Many of us are active on social media for both work and fun. We connect with family, friends, old classmates and sometimes even co-workers. But should we connect personally with donors on social media through our personal social media account?

The rules of social media are still being written and the technology is changing faster than the policies can be developed.

As a nonprofit professional, it’s important to know your comfort level and what the potential pitfalls are of social media.donors on social media

Here are some questions to help you think through your boundaries with donors on social as it relates to your work.

1. Who should you connect with on a personal level?

We constantly talk about building donor relationships and their importance to fundraising efforts.

But should you connect with co-workers, Board members, volunteers, and donors through your personal social media accounts? Should you have separate social media page for work? If you connect with one, do you have to accept all requests to connect?

Some organizations encourage their employees to connect with work contact through social media. They want employees to share posts about events and happenings at the organization with their family and friends.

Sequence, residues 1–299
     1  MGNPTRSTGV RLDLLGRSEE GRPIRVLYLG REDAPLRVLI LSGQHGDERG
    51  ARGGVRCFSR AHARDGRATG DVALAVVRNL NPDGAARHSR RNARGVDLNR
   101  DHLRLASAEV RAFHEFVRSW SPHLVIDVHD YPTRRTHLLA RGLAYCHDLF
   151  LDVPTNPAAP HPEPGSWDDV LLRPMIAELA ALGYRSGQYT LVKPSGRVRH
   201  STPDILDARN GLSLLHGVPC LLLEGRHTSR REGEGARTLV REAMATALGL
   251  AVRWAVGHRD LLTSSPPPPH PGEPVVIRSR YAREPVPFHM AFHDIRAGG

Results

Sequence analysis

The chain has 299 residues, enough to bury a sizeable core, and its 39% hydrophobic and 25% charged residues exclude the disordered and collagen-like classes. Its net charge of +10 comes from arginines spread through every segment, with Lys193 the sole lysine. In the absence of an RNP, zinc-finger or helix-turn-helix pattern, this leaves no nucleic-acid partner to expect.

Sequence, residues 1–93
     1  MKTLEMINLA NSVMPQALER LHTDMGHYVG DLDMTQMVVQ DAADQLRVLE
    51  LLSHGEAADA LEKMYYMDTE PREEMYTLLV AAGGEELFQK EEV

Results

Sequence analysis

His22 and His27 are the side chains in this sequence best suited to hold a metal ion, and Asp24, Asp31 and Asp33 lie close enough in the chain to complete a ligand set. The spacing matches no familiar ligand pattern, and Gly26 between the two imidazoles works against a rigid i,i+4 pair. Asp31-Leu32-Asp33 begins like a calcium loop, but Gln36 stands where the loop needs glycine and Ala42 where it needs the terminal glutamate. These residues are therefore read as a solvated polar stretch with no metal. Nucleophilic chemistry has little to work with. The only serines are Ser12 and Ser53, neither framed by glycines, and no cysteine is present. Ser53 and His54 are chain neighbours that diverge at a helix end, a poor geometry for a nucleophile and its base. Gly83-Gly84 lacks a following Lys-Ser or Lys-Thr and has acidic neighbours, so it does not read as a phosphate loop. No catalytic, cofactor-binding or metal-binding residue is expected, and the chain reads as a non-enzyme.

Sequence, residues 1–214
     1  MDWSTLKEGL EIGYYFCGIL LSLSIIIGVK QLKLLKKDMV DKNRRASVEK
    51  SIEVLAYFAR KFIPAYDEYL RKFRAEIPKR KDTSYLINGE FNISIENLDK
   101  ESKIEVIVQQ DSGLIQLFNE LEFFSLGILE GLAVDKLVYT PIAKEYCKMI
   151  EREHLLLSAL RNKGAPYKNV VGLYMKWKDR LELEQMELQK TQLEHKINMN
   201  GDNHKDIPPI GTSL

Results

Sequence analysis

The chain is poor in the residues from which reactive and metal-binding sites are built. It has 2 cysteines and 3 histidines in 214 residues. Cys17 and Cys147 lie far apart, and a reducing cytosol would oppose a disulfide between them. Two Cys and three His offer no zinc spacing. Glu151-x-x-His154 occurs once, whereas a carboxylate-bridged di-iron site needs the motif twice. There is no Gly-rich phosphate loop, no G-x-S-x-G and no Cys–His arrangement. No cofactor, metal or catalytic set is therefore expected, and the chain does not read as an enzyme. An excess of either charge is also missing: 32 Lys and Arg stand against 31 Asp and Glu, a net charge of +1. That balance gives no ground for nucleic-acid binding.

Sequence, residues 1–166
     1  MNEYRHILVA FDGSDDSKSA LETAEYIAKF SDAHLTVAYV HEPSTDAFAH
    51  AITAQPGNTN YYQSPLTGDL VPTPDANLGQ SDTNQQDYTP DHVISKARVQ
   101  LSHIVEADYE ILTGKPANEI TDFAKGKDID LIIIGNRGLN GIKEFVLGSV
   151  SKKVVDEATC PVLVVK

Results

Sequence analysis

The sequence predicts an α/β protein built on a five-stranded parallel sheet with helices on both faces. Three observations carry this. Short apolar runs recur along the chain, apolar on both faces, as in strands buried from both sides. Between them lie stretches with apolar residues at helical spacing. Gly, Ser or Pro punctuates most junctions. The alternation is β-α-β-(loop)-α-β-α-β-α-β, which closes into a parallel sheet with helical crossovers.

While it may be great for the organization, are there potential problems for the employees? And can it become a conflict of interest if you’re using your personal accounts for fundraising on social media?

Some organizations issue strict social media policies about what is appropriate and inappropriate to post because, as an employee, you represent them in the office and in the community. Does such a policy infringe upon an employee’s right to free speech when it is their personal social media page?

2. What are the pros and cons of people you work with knowing about private life outside of the office?

What happens if you do develop a real friendship with someone from work outside the office based on similar interests? Could it be perceived that you have influence in their decisions related to the organization? Could it be a conflict of interest?

What if they disagree or have an opposing view to something you post? Could it damage the relationship? What happens if they cutoff their relationship with the organization because of something you posted on social media?

Most nonprofit professionals work more than a 40-hour week and it’s important to have downtime to connect with your family and friends and participate in activities you enjoy.

3. What do you do if someone from work tries to contact you after hours about work through social media? Do you respond? Is it ok for you to be available 24/7 for work issues and chat? Why or why not?

For most of us, there are no easy answers to the above questions.

Hopefully these questions have caused you to stop for a moment and think about how you connect with donors on social media.

You may have additional questions based on your specific situation. Does your organization currently have a social media policy? If not, does it need one? If it does, when was the last time it was reviewed and updated?

Share your social media questions and thoughts in the comments below.